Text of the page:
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Gigantopithecus blacki extinction and human threats to Tapanuli orangutans: lessons from past and present challenges



This letter explores the historical challenges faced by Gigantopithecus blacki, a colossal ape, during the Pleistocene period in southern China, emphasizing its extinction approximately 300,000 years ago due to climate change. Main body: Drawing parallels, the research sheds light on the imminent threat to Tapanuli orangutans in Southeast Asia, underscoring the role of human intervention. The paradox emerges as Homo sapiens, despite claiming wisdom, becomes a significant threat through climate change and deforestation, exacerbated by the dissemination of scientific misinformation. Conclusion: The text urges humanity to reorient its development, emphasizing the need for responsible environmental stewardship to ensure a sustainable and balanced future for both Earth and its primate inhabitants.


Gigantopithecus blacki, a colossal ape measuring 3 m and weighing up to 300 kg, defied the challenges of the Ice Age (Pleistocene period) for more than 2 million years in southern China, feeding exclusively on plants. However, approximately 300,000 years ago, it faced extinction due to climate change, as recorded in the journal Nature, which may offer us important lessons (Basin and Provinces 2023). Simultaneously, the orangutan survived the same events but now faces an imminent threat due to human intervention. The Tapanuli orangutan, being the most endangered species of large primates, is at an even greater risk than anticipated, according to a recent study (Meijaard et al. 2021).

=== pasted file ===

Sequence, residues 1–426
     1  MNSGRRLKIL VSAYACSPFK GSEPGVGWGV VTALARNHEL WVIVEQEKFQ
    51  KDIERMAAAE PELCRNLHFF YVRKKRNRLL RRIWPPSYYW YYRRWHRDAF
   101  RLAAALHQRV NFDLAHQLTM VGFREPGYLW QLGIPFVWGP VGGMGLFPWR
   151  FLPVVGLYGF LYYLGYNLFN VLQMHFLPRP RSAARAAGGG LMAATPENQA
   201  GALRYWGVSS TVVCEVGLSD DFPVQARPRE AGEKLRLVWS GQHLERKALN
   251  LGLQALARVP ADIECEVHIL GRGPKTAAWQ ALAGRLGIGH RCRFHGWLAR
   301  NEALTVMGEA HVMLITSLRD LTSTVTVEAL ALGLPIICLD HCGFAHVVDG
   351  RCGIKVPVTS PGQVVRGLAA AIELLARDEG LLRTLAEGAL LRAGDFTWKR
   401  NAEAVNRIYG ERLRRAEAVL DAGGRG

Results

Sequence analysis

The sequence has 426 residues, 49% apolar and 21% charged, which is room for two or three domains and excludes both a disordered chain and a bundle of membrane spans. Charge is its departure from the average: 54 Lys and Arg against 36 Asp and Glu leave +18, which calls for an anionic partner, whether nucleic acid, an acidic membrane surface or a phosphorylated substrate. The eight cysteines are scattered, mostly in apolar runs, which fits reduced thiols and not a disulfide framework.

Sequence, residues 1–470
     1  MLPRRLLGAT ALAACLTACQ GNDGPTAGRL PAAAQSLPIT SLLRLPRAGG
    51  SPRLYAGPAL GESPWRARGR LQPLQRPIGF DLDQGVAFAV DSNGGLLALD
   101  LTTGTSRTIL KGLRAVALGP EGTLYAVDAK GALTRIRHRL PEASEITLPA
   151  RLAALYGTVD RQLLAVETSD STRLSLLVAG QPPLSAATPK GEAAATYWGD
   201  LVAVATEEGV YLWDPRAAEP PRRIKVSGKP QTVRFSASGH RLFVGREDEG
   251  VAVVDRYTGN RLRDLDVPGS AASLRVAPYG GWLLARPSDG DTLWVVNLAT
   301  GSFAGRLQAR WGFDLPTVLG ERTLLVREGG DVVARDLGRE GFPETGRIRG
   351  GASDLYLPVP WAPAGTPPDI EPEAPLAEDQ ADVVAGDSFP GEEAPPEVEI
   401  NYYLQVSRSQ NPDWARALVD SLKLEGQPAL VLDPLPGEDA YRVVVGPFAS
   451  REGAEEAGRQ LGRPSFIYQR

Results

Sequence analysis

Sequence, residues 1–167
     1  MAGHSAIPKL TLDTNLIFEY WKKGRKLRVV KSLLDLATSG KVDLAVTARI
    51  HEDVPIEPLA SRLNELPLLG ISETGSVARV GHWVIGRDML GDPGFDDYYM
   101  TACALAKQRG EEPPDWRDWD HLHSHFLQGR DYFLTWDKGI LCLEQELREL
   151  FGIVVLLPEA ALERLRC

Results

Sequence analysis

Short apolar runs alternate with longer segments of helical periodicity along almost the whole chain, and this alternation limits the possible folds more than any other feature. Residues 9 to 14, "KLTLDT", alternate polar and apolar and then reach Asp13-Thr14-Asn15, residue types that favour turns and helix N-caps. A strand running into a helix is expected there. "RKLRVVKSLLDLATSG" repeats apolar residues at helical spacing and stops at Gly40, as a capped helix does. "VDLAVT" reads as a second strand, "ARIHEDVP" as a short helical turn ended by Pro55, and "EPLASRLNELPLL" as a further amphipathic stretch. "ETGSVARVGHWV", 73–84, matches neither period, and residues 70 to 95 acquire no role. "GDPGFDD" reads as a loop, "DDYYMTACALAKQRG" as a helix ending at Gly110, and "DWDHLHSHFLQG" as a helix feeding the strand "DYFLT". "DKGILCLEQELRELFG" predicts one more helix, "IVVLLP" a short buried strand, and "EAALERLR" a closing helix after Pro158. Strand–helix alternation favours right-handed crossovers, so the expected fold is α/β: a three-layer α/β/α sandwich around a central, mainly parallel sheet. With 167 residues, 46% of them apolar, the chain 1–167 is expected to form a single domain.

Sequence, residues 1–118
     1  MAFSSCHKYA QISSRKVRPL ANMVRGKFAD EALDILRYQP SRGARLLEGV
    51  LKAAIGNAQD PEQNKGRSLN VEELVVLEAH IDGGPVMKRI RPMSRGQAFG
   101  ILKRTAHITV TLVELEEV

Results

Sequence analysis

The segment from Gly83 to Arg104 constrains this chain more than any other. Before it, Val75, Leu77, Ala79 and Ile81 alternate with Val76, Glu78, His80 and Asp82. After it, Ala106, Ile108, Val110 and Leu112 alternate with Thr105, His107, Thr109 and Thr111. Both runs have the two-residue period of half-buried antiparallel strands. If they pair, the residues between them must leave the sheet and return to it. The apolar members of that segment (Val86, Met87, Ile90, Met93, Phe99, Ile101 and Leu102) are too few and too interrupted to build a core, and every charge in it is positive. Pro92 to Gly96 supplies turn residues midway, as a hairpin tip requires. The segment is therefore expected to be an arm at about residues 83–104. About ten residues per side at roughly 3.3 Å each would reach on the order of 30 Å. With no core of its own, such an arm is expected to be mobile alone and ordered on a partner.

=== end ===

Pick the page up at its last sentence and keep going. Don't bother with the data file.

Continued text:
Main body

These events in Southeast Asia highlight that even robust and adaptable primates are not invulnerable in the face of climate change and habitat degradation. The paradox emerges when we observe that Homo sapiens, the self-styled wise man, is the main agent of these threats, contributing significantly to climate change and deforestation. The dissemination of scientific fake news by some incautious 'sapiens' denying the serious climate phenomena aggravates the understanding of the challenges faced, as is currently the case with the Brazilian Amazon Rainforest (Silva 2023). To avoid a fate like that of its Asian cousins, humanity urgently needs to reorient its development. Scientists have long been warning about the limits of natural resources and the potentially irreversible consequences of climate change.


It is imperative that we give credence to these warnings by fundamentally changing our relationship with natural resources and with nature itself. Only in this way will we be able to avoid irreversibility that could culminate in our own extinction, guaranteeing a sustainable and balanced future for the Earth and avoiding the fate of our cousins.

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  • Basin B, Provinces H (2023) The demise of the giant ape Gigantopithecus blacki. Nature.

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  • Meijaard E, Nimatullah S, Dennis R, Sherman J, Onrizal, Wich SA (2021) The historical range and drivers of decline of the Tapanuli orangutan. PLoS One 16:1–23

  • Silva HM (2023) Brazilian amazon: environmental and economic tragedy. Rev Sertão Sustentável 5:90–99

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HMS participated of all the letter’s elaboration.

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Correspondence to Heslley Machado Silva.

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Silva, H.M. Gigantopithecus blacki extinction and human threats to Tapanuli orangutans: lessons from past and present challenges. Bull Natl Res Cent 48, 39 (2024).

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